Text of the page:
The Miami-Dade School Board held its first in-person meeting today since its schools reopened, with the status of the reopening experiment looming over everything.
The board knows that bringing students and teachers to school buildings during a pandemic is unprecedented. So, how is it going so far? Board member Dr. Martin Karp told us he has received very little negative feedback from parents and teachers.
"I don’t know if that would change should the numbers increase, but at this time the people seem to have settled in with the choices that they’ve made, whether it’s to remain online at home or brick and mortar," Karp said via Zoom before his last school board meeting.
He is retiring after serving 16 years on the board.
At 5 p.m. Wednesday afternoon, the school district’s COVID-19 Dashboard showed 58 employees and 47 students had tested positive since schools reopened. It counts only those students who are physically attending school.
"The dashboard is populated only after a confirmation from the department of health," explained superintendent Alberto Carvalho in a news conference before the meeting.
So far, COVID-19 outbreaks have forced the district to close two schools, each for one day. Yesterday, Florida Gov. Ron DeSantis said schools should remain open regardless of pandemic conditions and he said they should not have been closed back in March.
"Whatever the future may hold, school closures should be off the table, they don’t do anything to mitigate Covid but they do cause catastrophic damage to the physical, mental, and social well-being of our youth," DeSantis said.
"I also recall the governor saying months ago that this was an issue that local entities should have decision-making power over," Carvalho said today in response to the governor. "And decisions we continue to make are those decisions driven by science, local health data, and the best interests of our employees and students."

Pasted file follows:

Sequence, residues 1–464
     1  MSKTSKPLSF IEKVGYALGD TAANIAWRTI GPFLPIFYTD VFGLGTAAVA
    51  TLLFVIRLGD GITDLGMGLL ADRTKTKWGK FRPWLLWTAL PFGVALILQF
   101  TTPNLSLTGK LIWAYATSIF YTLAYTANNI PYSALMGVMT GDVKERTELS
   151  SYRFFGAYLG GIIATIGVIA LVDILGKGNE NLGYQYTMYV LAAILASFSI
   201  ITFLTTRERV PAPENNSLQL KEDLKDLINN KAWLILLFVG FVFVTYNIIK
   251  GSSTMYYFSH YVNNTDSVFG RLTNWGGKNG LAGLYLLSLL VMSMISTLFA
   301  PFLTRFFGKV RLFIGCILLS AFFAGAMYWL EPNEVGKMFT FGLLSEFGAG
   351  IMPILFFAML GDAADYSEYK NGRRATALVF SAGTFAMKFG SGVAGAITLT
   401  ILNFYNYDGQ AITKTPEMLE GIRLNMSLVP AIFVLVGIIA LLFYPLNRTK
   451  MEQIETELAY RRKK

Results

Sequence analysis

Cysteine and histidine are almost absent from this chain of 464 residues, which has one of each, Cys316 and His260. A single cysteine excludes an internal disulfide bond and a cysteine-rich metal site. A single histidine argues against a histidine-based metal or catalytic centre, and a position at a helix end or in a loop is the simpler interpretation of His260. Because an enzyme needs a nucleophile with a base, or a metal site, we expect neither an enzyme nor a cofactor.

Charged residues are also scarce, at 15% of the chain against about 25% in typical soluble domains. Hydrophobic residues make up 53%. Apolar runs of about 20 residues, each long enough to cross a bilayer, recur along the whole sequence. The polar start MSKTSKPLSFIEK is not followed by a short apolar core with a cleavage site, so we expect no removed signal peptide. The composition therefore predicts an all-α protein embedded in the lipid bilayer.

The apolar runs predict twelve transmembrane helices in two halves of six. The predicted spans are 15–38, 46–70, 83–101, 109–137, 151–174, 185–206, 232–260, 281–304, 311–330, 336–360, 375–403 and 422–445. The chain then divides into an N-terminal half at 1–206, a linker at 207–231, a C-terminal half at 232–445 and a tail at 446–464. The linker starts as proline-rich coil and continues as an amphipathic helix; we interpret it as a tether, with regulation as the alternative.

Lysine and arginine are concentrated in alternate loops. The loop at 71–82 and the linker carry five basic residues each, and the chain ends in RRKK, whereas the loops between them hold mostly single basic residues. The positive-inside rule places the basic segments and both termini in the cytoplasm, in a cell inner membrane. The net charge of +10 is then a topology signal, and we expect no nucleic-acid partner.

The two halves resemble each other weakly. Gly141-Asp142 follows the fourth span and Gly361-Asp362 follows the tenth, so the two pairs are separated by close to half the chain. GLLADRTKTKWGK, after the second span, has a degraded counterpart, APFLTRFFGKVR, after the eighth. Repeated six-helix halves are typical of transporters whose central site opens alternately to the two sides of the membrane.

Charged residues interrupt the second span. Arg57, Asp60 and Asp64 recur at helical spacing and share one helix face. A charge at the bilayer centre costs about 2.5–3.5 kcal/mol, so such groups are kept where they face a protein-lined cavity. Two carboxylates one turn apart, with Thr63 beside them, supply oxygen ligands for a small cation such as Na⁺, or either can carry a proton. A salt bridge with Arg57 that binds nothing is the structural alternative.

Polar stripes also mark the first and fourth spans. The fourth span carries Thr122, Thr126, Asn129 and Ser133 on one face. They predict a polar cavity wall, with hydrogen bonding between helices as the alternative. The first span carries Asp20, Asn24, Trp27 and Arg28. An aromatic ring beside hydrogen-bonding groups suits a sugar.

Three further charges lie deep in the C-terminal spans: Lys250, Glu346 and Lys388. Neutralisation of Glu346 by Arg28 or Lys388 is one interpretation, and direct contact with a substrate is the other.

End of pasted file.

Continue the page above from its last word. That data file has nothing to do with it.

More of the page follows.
“No one wants to close schools just to close schools but then again no one wants to see that any of the people going to our schools are put at risk unnecessarily,” Karp said. “Closing schools in March was the right thing to do.”
Carvalho acknowledged there has been confusion in the public about the district’s Dashboard. He explained that for a myriad of reasons, mostly having to do with the district’s vetting process for contact tracing, the Dashboard numbers sometimes do not sync up with the Department of Health’s numbers on its website.
But, Carvalho asked parents to trust that the district will always contact everyone who needs to know when someone at a school tests positive for the virus.
Carvalho also said the district has received 7,200 rapid coronavirus test kits from the state. The district is now in the process of determining how to distribute them and the protocols for using them.